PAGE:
Some critics, such as Fredrick R. Karl,[18] think that the main political phenomenon in this novel is the modern age, as symbolised by the teeming, pullulating foggy streets of London (most notably in the cab ride taken by Winnie and Stevie Verloc). This modern age distorts everything, including politics (Verloc is motivated by the need to keep his remunerative position, the Professor to some extent by pride), the family (symbolised by the Verloc household, in which all roles are distorted, with the husband being like a father to the wife, who is like a mother to her brother), even the human body (Michaelis and Verloc are hugely obese, while the Professor and Yundt are preternaturally thin). This extended metaphor, using London as a center of darkness much like Kurtz’s headquarters in Heart of Darkness,[19] presents “a dark vision of moral and spiritual inertia” and a condemnation of those who, like Mrs Verloc, think it a mistake to think too deeply.[20]

Literary significance and reception

Initially, the novel fared poorly in both the United Kingdom and the United States, selling only 3,076 copies between 1907 and 1914. The book fared slightly better in Britain, yet no more than 6,500 copies were pressed before 1914. Although sales increased after 1914, the novel never sold more than “modestly” throughout Conrad’s lifetime. The novel was released to favourable reviews, with most agreeing with the view of The Times Literary Supplement, that the novel “increase[d] Mr. Conrad’s reputation, already of the highest.”[21] However, there were detractors, who largely disagreed with the novel’s “unpleasant characters and subject”. Country Life magazine called the story “indecent”, whilst also criticising Conrad’s “often dense and elliptical style”.[21]

In modern times, The Secret Agent is considered to be one of Conrad’s finest novels. The Independent calls it “[o]ne of Conrad’s great city novels”[22] whilst The New York Times insists that it is “the most brilliant novelistic study of terrorism”.[23] It is considered to be a “prescient” view of the 20th century, foretelling the rise of terrorism, anarchism, and the augmentation of secret societies, such as MI5. The novel is on reading lists for both secondary school pupils and university undergraduates.[24][25][26]

Influence on Ted Kaczynski

The Secret Agent is said to have influenced the Unabomber—Theodore Kaczynski. Kaczynski was a great fan of the novel and as an adolescent kept a copy at his bedside.[27] He identified strongly with the character of “the Professor” and advised his family to readThe Secret Agent to understand the character with whom he felt such an affinity. David Foster, the literary attributionist who assisted the FBI, said that Kaczynski “seem[ed] to have felt that his family could not understand him without reading Conrad.”[28]

Kaczynski’s idolisation of the character was due to the traits that they shared: disaffection, hostility toward the world, and being an aspiring anarchist.[29] However, it did not stop at mere idolisation. Kaczynski used “The Professor” as a source of inspiration, and “fabricated sixteen exploding packages that detonated in various locations”.[30] After his capture, Kaczynski revealed to FBI agents that he had read the novel a dozen times, and had sometimes used “Conrad” as an alias.[31] It was discovered that Kaczynski had used various formulations of Conrad’s name – Conrad, Konrad, and Korzeniowski, Conrad’s original surname – to sign himself into several hotels in Sacramento. As in his youth, Kaczynski retained a copy of The Secret Agent, and kept it with him whilst living as a recluse in a hut in Montana.[11]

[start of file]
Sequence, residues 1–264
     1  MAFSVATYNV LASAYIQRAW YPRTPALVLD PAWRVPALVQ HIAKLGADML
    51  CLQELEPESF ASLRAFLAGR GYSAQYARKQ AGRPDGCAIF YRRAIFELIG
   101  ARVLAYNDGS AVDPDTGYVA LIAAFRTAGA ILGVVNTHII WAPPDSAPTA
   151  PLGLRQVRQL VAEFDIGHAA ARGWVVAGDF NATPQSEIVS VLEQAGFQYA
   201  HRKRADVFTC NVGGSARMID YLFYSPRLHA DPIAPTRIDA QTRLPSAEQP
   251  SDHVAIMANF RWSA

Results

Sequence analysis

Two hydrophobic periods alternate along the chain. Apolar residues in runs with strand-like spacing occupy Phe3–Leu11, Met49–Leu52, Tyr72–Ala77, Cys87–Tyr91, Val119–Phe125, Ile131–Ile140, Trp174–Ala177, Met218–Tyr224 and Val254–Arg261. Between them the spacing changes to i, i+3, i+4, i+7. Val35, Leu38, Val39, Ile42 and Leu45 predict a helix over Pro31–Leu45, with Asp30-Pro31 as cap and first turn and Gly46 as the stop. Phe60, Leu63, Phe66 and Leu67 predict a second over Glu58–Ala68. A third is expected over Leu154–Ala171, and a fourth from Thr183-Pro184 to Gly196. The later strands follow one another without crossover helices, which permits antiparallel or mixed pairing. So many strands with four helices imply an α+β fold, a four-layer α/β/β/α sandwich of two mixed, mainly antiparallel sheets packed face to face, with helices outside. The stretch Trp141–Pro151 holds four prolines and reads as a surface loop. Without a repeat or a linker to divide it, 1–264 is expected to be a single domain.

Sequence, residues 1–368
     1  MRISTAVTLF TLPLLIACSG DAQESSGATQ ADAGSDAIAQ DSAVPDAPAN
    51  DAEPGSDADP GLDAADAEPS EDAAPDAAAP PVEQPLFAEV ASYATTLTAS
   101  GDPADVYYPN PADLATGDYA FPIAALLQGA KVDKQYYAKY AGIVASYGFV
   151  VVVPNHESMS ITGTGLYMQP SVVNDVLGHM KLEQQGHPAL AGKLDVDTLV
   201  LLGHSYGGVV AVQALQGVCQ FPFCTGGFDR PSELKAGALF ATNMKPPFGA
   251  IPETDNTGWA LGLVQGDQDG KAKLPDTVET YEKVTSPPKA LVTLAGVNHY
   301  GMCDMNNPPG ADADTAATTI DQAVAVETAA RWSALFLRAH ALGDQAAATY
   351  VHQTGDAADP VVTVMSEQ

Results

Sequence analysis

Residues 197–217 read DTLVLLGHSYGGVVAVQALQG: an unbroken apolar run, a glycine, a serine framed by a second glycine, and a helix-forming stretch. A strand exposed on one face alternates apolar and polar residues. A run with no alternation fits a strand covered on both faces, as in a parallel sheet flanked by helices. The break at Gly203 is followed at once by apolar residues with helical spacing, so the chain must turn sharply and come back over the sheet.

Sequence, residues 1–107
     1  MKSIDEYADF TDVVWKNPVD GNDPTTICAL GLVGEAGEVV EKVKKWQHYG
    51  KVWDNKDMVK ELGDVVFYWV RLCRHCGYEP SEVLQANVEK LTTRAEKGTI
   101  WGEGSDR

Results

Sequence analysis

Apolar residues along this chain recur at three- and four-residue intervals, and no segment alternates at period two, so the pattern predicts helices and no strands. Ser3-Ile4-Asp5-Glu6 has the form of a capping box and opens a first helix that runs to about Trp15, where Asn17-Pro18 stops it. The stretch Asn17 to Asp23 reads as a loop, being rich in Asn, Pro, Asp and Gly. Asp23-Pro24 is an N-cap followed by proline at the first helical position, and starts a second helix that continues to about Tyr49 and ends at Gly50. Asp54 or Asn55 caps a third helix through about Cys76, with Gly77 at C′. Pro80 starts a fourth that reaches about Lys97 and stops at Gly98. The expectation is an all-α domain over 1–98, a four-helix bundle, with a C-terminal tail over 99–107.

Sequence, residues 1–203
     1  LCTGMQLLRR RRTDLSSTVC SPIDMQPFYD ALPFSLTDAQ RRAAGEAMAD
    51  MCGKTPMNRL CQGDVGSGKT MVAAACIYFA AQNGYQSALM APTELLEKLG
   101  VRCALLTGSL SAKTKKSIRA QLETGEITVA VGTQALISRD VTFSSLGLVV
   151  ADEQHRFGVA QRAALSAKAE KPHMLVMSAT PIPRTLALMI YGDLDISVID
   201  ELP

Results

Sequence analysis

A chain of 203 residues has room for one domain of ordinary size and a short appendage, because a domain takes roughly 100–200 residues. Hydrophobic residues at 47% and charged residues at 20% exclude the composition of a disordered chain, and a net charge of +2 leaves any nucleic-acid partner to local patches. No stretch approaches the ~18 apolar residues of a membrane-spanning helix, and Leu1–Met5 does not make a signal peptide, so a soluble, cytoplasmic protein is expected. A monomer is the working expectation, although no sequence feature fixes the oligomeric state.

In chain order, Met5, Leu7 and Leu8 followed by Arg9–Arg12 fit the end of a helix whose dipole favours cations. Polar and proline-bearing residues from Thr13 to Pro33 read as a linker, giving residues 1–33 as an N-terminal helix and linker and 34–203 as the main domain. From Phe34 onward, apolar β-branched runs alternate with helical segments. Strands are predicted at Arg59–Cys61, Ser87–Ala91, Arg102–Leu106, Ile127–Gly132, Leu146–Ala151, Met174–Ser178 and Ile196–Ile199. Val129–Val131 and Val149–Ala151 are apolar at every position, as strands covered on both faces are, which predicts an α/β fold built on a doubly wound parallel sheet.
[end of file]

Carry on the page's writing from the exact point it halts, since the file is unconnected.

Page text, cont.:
Adaptations

See also

http://en.wikipedia.org/wiki/The_Secret_Agent

Joseph Conrad

From Wikipedia, the free encyclopedia
For other uses, see Joseph Conrad (disambiguation).
Joseph Conrad
Joseph Conrad.PNG

1904
Born Józef Teodor Konrad Korzeniowski
3 December 1857
Terekhove near Berdychiv, Kiev Governorate, Russian Empire
Died 3 August 1924 (aged 66)
Bishopsbourne, England
Resting place Canterbury Cemetery,Canterbury
Occupation Novelist, short-story writer
Language English
Nationality Polish
Citizenship British
Period 1895–1923: Modernism
Genre Fiction
Notable works The Nigger of the ‘Narcissus’(1897)
Heart of Darkness (1899)
Lord Jim (1900)
Typhoon (1902)
Nostromo (1904)
The Secret Agent (1907)
Under Western Eyes (1911)
Spouse Jessie George
Children Borys, John

Signature

Joseph Conrad (born Józef Teodor Konrad Korzeniowski; 3 December 1857 – 3 August 1924) is regarded as one of the greatest novelists in English.[1] He was granted British nationality in 1886, but always considered himself a Pole.[2][note 1] Though he did not speak English fluently until he was in his twenties (and always with a marked accent), he was a master prose stylist who brought a distinctly non-English sensibility into English literature.[note 2][3] He wrote stories and novels, many with a nautical setting, that depict trials of the human spirit.

Joseph Conrad is considered an early modernist, though his works still contain elements of nineteenth-century realism.[4] His narrative style and anti-heroic characters[5] have influenced many authors, including T.S. Eliot,William Faulkner,[6] Graham Greene,[6] and more recently Salman Rushdie.[note 3] Many films have been adapted from, or inspired by, Conrad’s works.

Writing in the heyday of the British Empire, Conrad drew on his Polish heritage and on his experiences in the French and British merchant navies to create short stories and novels that reflect aspects of a European-dominated world, while profoundly exploring human psychology. Appreciated early on by literary critics, his fiction and nonfiction have since been seen as almost prophetic, in the light of subsequent national and international disasters of the 20th and 21st centuries.[7]